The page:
by the MCSD for unreasonable race-based searches and seizures at multiple times and in

multiple ways.

54
179. The events described below demonstrate that the Policing Program is pervasive,

widespread, and has the force of law. These events also illustrate the extremely high likelihood

that the named Plaintiffs will be subject to unreasonable race-based searches and seizures by the

MCSD in the future.

180. Named Plaintiffs assert, however, that only those events occurring within the past

three years entitle them to legal and equitable relief.

Latoya Brown

181. Ms. Brown is a 28-year old Black woman who has spent her entire life in Canton,

Mississippi. She lives with named Plaintiff Steven Smith and their three daughters in a

predominantly-Black affordable housing complex. Ms. Brown is a stay-at-home mother.

182. In the past three years, Ms. Brown has been stopped repeatedly at the MCSDs

pedestrian checkpoints and roadblocks. She was also once detained during a suspicionless

pedestrian stop.

a. Pedestrian Checkpoints

183. Ms. Brown has been detained at the MCSDs pedestrian checkpoints while

entering and exiting her own home on at least three occasions in the last three years. The

checkpoints have typically been located at the only access point to her housing complex.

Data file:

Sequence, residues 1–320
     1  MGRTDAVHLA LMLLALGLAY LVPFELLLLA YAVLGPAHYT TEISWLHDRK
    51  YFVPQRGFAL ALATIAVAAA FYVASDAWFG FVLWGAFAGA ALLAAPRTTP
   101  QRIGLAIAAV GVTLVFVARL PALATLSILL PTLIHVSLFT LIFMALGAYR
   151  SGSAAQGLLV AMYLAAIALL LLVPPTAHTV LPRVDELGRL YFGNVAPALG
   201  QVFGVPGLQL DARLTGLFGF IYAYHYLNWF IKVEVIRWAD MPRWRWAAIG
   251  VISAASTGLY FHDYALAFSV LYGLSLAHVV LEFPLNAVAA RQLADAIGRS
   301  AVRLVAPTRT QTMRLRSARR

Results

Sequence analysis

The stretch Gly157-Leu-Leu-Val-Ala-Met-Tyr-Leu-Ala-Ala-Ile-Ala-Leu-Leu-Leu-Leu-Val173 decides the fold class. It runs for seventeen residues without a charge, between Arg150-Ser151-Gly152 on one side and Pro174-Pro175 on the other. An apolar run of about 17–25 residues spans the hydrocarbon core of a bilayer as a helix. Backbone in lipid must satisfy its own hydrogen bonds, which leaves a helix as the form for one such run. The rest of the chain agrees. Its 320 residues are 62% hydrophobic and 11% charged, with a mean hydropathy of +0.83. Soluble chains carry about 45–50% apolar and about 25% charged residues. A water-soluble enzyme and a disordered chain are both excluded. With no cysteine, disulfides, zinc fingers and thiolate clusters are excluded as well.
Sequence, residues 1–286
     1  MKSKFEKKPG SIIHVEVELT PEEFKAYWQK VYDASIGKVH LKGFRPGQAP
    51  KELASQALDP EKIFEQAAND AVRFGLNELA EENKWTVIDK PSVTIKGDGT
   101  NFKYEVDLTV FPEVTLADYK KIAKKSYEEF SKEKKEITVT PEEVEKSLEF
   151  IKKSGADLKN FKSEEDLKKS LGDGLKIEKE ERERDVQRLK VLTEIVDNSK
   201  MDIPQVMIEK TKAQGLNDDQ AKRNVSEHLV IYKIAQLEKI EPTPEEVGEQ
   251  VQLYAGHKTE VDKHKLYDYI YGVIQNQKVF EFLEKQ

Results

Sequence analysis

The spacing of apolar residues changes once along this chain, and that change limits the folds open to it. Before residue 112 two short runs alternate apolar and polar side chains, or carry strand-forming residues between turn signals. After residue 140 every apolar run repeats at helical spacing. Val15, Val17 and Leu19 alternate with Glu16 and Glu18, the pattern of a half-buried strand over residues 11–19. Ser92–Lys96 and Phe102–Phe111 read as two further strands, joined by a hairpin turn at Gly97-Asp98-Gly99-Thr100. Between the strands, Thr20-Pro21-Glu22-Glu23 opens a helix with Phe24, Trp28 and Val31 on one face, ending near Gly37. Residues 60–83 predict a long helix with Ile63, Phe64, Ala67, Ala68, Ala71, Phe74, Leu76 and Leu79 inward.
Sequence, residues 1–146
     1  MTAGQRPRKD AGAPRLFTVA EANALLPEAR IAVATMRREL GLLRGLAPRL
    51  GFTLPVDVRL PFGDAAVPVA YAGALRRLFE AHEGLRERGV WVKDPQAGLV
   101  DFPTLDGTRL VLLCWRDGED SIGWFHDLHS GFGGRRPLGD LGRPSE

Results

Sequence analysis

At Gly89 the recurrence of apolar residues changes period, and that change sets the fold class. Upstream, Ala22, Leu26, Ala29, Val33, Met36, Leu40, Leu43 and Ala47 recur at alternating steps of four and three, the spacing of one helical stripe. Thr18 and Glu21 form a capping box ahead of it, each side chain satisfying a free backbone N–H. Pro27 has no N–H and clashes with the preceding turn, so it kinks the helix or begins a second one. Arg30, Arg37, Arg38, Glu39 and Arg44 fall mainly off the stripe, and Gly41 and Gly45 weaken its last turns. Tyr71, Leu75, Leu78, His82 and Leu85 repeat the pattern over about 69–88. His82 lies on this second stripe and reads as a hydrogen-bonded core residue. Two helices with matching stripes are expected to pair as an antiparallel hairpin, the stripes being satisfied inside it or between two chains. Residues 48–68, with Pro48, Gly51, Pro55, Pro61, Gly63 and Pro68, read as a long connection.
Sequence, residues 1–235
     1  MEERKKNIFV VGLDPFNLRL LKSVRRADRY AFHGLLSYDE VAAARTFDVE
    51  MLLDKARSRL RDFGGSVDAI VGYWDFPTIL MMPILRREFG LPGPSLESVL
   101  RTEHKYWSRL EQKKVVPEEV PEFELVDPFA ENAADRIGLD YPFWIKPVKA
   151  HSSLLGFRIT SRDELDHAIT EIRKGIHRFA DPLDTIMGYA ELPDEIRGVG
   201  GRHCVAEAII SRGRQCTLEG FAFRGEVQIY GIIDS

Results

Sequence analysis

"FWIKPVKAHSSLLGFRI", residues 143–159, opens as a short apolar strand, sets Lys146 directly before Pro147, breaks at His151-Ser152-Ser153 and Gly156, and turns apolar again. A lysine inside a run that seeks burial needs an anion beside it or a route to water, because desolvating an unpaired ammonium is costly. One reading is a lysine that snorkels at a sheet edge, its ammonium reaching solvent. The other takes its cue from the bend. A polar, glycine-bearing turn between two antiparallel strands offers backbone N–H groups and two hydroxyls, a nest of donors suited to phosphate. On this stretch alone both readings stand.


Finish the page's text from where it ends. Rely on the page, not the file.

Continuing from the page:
184. Each time Ms. Brown has been stopped, she has been required to provide the

MCSD deputy with her identification.

b. Suspicionless Pedestrian Stop

185. In the summer of 2014, an MCSD deputy detained Ms. Brown while she was

walking on the sidewalk in or around the predominantly-Black affordable housing complex

where she resides. Ms. Brown was on her way to work at the time.

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186. The MCSD deputy had no reasonable suspicion, but demanded to see Ms.

Browns identification and find out where she was going.

187. The deputy detained Ms. Brown for approximately ten minutes before allowing

her to proceed.

c. Roadblocks

188. In the past three years, Ms. Brown has been stopped at the MCSDs roadblocks

multiple times while she was a passenger in someone elses vehicle.

189. At each roadblock stop, Ms. Brown has been required to provide the MCSD

deputy with her identification.

190. Ms. Brown is at risk that the MCSDs deputies will again stop her without

reasonable suspicion at a pedestrian checkpoint, on the street, or at a roadblock.

Lawrence Blackmon

191. Mr. Blackmon is a 31-year-old Black man who has resided in Canton, Mississippi

since 1998. Mr. Blackmon is currently enrolled in a Masters of Law program at George

Washington University Law School in Washington D.C., but his permanent place of residence is

at his grandmothers home. Mr. Blackmon intends to return to Madison County on a full-time

basis after completing his studies.

192. MCSD deputies held Mr. Blackmon at gunpoint while they conducted a search of

his home slightly over one year ago. The deputies claimed to have a warrant, but refused to

provide Mr. Blackmon with an opportunity to review it. Mr. Blackmon has also been stopped at

roadblocks in Canton multiple times in the past three years. These incidents are described in

further detail below.

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a. Home Search; Use of Force

193. Slightly over one year ago, Mr. Blackmon was at his home in Canton when he